Sometimes we visualise upcoming events through a lens of hype or disappointment, fear or happiness. These lenses can be peeled away quicker than they were created and everything that occurs thereafter arrives with a somewhat sour taste. Even if the event is joyful and we expected less, we feel disappointed in ourselves for wasting our time on believing something was doomed to a certain fate. We realise how much we don’t know and how much we can’t.
I was really looking forward to coming home. My parents greeted me in gallops and tears and made a huge banner from materials and sequins screaming ‘Welcome home Ruby!’. My bed was made and covered with my favourite foods, belated Christmas gifts were exchanged and stories and photos were shared. I never felt more loved and more thankful for such an incredible family. But nothing had changed. Everything was ordinary and how it was when I left it. Except now there are more chickens in the pen and the lavender is no longer flowering and the lounge is draped with a new fabric. I don’t know what I expected but it just felt like coming home after a weekend away. It brought me peace and at the same time left me wondering what else I expected. An overwhelming psychological experience? A physical change in the wind? An out-of-body release of homesick tension? I don’t know. I know I’m glad to be home and glad to be here and ready to sleep though.
Jetlag. Rambling. Nonsensical nonsense.
My final weeks in Europe were nothing short of incredible. We partied, we caught long trains after big nights, we had dinners and late evenings of cards. On Australia Day my apartment hosted a party, and a surprising number of people rocked up. So much so that you couldn’t really move at all. A few of us escaped to my bedroom for a surprise birthday and hid there for the rest of the evening. I’m struggling to enjoy large groups of people – the groups I once thrived in. Give me a small group of close friends anyway. (Exchange really has changed me…) What a glorious mess we made! My landlord arrived in the early morning for inspection and I managed to talk him out of seeing my bedroom. Thank God.
Before we left, the girls, Joe and I visited Maastricht. We went to the Dominicanenkerk– a modern bookstore constructed inside a 14th century cathedral. Despite a small number of English books, it was incredible to witness. The books still smell the same. After saying goodbyes and gifting the girls with a favourite novel of mine that suited each one, and receiving similar and thoughtful gifts from them, I caught a cheap flight to Budapest. It quickly became one of the most beautiful cities I have ever seen.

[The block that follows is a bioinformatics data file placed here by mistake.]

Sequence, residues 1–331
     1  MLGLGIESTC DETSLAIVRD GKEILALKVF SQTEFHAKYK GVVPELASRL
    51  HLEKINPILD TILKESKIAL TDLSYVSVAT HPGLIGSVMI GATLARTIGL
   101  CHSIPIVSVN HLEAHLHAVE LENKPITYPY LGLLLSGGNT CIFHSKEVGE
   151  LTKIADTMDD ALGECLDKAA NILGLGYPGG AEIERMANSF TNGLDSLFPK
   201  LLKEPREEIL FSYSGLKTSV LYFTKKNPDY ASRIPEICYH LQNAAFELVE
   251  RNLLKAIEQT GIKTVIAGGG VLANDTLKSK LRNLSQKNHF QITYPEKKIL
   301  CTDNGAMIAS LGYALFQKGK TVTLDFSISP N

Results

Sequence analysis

Places worth going if you’re ever there:
Ruin Bars, particularly Szimpla Kert: We wish we went here earlier. Probably the coolest bar I have ever seen. I can’t even describe it, attach photos of it, write much more than this: GO THERE. Go there even if it’s 6pm on a Sunday night. Bring cards.
Buda Caste and the labyrinths below: 16m under the castle is a dark labyrinth that, 500 thousand years ago was a series of natural underground caves. In the last however many centuries they have been connected and used in wars and as prisons. Dracula was even held down there. The view over the city is magnificent in all hours of the day. We managed to see it with snow, without it and at sunset.
Szechenyi Baths: You can’t not go to the baths if you’re there in winter. The steam envelops you and the warmth is nice after walking in the snow in the morning. I, naturally, took a book and read by the side after floating between all the hairy man boobs. Lotz-terem Book Cafe: How can you not, I mean really? Budapest Zoo: It doesn’t stand out in terms of zoo quality, but the zebras were cute and I probably could have sat and watched them all day.
I should probably do a more comprehensive post on my final weeks in Europe but honestly, I really can’t be bothered. It was amazing and the whole experience was incredible and I advise every single person to get out of their comfort zone and spend a significant time away, but I am going to leave post-exchange reflection for another time. Just book a damn trip.
I will probably be closing down this little blog in the next few weeks while I spend a significant amount of time revamping the layout, potentially the server and photographing and getting into my craft again in order to open up my old store. It’s going to be difficult without a studio, but I have no choice but to make do. I just bought myself a Macbook Pro (and it’s beautiful, I regret not converting earlier) which will assist in the design and media work. I start full time in Sydney next week as well as University by distance. It’s going to be a very, very busy year for me but I have big plans. If the blog disappears suddenly, you’ll know why.
Sending love from country of birds and cicadas and crickets and cockroaches in kitchens. I’m off to the beach and I am so excited I could cry!
(All photos by Joe Brammall)